Updated: Nov 4, 2020
In response to the global epidemic of COVID-19, United Biomedical, Inc. (UBI) and its
subsidiary COVAXX have developed UBI® SARS-CoV-2 ELISA, a serology test for
the detection of IgG antibodies against the novel coronavirus SARS-CoV-2.
UBI, an American company located in Hauppauge, NY, has tests available for use as a screening method both to detect infections and to control the spreading wave of infections in accordance with section IV(D) of the March 16, 2020 FDA guidance, “Policy for Diagnostic Tests for Coronavirus Disease-2019 During the Public Health Emergency.” Additionally, pursuant to Section 564 of the FD&C Act, UBI has submitted for Emergency Use Authorization (EUA) which is currently under review at the FDA. We have employed validation methodologies similar to those of our SARS test (SARS Antibody Test for Serosurveillance, Emerging Infectious Diseases September 2004: Vol 10, No. 9).
IgG antibody serology tests have the advantage of accurately and rapidly identifying not only infected patients, but also those previously exposed to the virus but not known to be infected, either because they never developed symptoms, or had been inaccurately diagnosed. These tests can be widely deployed in a large scale, cost-effective way.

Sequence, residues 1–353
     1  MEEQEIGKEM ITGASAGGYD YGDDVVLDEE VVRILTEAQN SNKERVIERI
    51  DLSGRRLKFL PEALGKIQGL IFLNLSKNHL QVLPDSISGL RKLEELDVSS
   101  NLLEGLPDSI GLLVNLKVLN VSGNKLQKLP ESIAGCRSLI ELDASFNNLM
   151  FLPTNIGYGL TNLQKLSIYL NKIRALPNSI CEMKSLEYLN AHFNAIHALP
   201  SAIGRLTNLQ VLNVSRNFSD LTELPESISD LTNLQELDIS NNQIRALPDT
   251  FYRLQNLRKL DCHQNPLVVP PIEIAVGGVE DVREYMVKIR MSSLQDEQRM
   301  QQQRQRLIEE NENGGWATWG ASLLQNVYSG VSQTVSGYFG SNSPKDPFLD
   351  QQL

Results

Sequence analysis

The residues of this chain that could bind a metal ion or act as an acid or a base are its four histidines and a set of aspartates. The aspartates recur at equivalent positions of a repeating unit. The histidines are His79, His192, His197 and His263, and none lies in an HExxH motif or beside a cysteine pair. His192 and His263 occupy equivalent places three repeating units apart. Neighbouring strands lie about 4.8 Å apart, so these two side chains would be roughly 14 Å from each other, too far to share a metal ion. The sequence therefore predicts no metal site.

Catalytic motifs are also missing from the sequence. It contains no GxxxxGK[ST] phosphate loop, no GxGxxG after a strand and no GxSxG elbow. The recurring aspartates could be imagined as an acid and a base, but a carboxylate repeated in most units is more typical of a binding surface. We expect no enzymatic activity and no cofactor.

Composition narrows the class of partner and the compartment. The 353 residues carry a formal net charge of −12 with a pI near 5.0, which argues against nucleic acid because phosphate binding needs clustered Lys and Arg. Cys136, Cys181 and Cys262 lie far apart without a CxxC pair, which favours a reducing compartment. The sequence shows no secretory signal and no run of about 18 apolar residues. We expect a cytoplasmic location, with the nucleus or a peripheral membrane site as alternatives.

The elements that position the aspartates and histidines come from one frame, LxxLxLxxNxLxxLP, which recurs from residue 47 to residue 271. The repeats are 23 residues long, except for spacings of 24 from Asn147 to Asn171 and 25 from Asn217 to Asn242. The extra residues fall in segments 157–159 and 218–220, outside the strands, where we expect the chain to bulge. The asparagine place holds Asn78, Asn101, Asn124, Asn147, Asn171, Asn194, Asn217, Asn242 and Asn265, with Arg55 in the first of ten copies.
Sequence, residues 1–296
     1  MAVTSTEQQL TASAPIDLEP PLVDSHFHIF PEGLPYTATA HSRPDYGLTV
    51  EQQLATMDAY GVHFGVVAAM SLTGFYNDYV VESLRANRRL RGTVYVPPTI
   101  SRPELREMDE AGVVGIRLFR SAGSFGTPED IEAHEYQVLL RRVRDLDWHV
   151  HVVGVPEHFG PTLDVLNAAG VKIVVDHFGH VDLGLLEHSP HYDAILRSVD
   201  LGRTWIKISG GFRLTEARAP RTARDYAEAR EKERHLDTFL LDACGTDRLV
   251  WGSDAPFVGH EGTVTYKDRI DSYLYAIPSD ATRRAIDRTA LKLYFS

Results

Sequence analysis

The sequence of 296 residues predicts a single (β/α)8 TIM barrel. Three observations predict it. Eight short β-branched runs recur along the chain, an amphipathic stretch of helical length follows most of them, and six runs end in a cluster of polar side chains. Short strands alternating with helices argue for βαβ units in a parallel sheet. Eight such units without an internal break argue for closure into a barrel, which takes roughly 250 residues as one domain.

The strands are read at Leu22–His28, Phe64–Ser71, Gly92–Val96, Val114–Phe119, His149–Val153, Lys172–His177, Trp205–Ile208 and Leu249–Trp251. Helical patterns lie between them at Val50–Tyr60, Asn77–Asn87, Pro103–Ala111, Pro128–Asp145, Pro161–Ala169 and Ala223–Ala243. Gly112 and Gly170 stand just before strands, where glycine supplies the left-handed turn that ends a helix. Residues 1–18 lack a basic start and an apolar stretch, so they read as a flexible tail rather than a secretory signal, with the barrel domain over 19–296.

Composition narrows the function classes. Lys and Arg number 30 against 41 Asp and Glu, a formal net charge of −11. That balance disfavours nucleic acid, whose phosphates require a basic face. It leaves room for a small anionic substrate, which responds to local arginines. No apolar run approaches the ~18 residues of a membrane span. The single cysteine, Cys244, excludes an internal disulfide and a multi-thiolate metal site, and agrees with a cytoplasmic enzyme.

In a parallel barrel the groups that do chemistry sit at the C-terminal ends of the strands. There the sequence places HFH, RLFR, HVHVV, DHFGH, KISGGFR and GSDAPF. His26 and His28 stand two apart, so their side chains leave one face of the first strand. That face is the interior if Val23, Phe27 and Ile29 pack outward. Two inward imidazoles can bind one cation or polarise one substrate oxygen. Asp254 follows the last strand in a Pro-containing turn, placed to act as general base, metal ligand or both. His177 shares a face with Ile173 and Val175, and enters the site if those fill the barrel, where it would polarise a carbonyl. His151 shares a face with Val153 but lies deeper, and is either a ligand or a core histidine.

Our UBI® SARS-CoV-2 ELISA pilot lot research use only (RUO) test kits have already been deployed to ground zero in Hubei, as well as to Shanghai, Beijing, Taiwan, the California State Reference laboratory, and other communities and labs in the U.S. for evaluation using blood samples from patients infected with COVID-19. Initial results have validated the specificity and sensitivity of our test kits for positively detecting SARS-CoV-2 reactive antibodies and, importantly, not cross-reacting with antibodies from patients infected with other coronaviruses (e.g., NL63 or HKU1). We are engaged in numerous large-scale screening studies; the large number of negative samples indicates excellent specificity >99%.
The UBI® SARS-CoV-2 ELISA serology test can quickly detect small levels of antibodies in human sera or plasma to determine if a patient has a SARS-CoV-2 infection post 10 days of onset. COVID-19 has a long asymptomatic incubation period, with some patients not displaying any signs or symptoms for weeks, if ever, after infection. Accordingly, some patients may not know that they have been infected with or exposed to SARS-CoV-2 during the incubation period, while remaining capable of spreading the virus.